The first main component of the stabilization compound is a mixture containing 0.1 to 15% by weight of a polysaccharide such as starch, a modified starch or other polysaccharide. Suitable polysaccharides include starches having amylase or amylopectin, alpha- or beta-glucan, cellulose, dextrans, pectin, chitosan, modified glucan including glucan with gluten protein, acid- or alkaline-treated starch, enzyme-treated starch, bleached starch, oxidized starch, monostarch phosphate, distarch glycerol, distarch phosphate esterified with sodium trimetaphosphate, phosphated or acetylated distarch phosphate, starch acetate esterified with acetic anhydride or vinyl acetate, acetylated distarch adipate or glycerol, hydroxypropyl starch, hydroxypropyl distarch phosphate, hydroxypropyl distarch glycerol, starch sodium octenyl succinate, carrageenan and gums including xanthan gum, guar gum, guaran, carob gum and locust bean gum. The first component is preferably an aqueous mixture, encompassing aqueous polysaccharide solutions, dispersions or any other combination of polysaccharide in a flowable medium; however, the first component may be a dry powder mixture of a polysaccharide, such as starch alone or starch mixed with guar gum, in a 20:1 ratio. A dry powder mixture would be mixed with water at a staging area associated with the aggregate material to be stabilized. A suitable mixture of starch/guar gum powder would be 0.5% to 5% powder in water.
The second component of the stabilization compound is also preferably an aqueous mixture containing approximately 0.1-20% of a borate provider, such as borax or boric acid.
Once the two components are combined to form the stabilization compound, the polysaccharide molecules, particularly the glucose molecules, begin to link with the borate supplied by the borate provider at a controlled rate. This process, referred to as complexation, forms weak covalent bonds, comparable to weak cross-links in a polymer, within the polysaccharide matrix, as shown in the following diagram:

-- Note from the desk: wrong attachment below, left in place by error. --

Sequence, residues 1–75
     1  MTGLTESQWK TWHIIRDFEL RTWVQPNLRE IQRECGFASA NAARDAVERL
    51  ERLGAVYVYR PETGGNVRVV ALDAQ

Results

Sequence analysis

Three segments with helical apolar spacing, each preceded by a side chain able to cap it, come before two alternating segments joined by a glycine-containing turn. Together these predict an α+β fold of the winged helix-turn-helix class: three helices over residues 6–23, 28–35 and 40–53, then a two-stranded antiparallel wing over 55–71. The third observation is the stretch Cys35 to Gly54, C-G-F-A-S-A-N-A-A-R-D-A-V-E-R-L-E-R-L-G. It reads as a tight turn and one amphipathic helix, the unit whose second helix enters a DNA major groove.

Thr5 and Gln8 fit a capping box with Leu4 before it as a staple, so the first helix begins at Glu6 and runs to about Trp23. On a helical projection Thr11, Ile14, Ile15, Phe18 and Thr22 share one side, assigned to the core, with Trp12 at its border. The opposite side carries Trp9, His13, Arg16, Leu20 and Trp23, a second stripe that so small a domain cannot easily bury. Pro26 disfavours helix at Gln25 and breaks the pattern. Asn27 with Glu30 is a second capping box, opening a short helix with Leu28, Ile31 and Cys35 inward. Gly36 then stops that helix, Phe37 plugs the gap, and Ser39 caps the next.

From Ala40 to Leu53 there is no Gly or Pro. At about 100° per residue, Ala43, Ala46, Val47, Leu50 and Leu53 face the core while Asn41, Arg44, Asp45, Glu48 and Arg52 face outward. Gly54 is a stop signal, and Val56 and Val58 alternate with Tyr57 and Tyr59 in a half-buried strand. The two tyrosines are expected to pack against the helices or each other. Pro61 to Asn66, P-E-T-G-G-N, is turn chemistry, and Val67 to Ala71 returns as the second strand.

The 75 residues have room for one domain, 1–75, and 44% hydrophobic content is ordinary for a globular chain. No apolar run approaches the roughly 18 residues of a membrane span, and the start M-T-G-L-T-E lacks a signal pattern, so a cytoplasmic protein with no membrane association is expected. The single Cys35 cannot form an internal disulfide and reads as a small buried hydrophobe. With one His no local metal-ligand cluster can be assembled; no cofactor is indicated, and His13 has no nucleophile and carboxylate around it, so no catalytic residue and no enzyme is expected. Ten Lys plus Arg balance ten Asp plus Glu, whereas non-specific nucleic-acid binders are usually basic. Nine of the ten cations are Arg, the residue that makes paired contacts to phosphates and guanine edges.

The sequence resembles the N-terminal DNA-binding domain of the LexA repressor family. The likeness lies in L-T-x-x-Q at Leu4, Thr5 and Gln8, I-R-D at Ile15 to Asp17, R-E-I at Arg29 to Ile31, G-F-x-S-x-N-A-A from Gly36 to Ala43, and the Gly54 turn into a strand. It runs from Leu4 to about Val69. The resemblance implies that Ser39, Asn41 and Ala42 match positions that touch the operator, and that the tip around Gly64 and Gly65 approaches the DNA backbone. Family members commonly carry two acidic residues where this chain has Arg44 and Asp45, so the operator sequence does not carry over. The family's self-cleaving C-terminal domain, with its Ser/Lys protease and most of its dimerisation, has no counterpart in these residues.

The complexation reaction results in an increase of viscosity throughout the mixture as starch molecules bond with borates. The bonds formed by the complexation reaction are preferably weaker than those formed when a conventional cross-linker is added to a starch solution. The immediate result is a liquid gel; over time, the liquid gel continues to cross-link until a final matrix is formed. The final matrix has some strength and flexibility, but does not become extremely hard or substantially indestructible. Nor does the matrix necessarily form a completely cohesive, closed film.
Further, matrix formation is controlled by the rate and amount of polysaccharide-borate cross-linking within the mixture. The matrix therefore forms relatively quickly; it is in fact formed well before the aqueous carriers are substantially evaporated. This shortens the time before complete protection is provided, as complete evaporation of a water-based carrier can take 72 hours or more. This provides a substantial advantage in wet conditions, as the matrix will soften if it is dampened or soaked with water, but it will maintain its inherent cross-linked structure, and will therefore re-harden once the added water evaporates. This property is useful in conditions such as heavy rainfall, or a river overflowing its banks.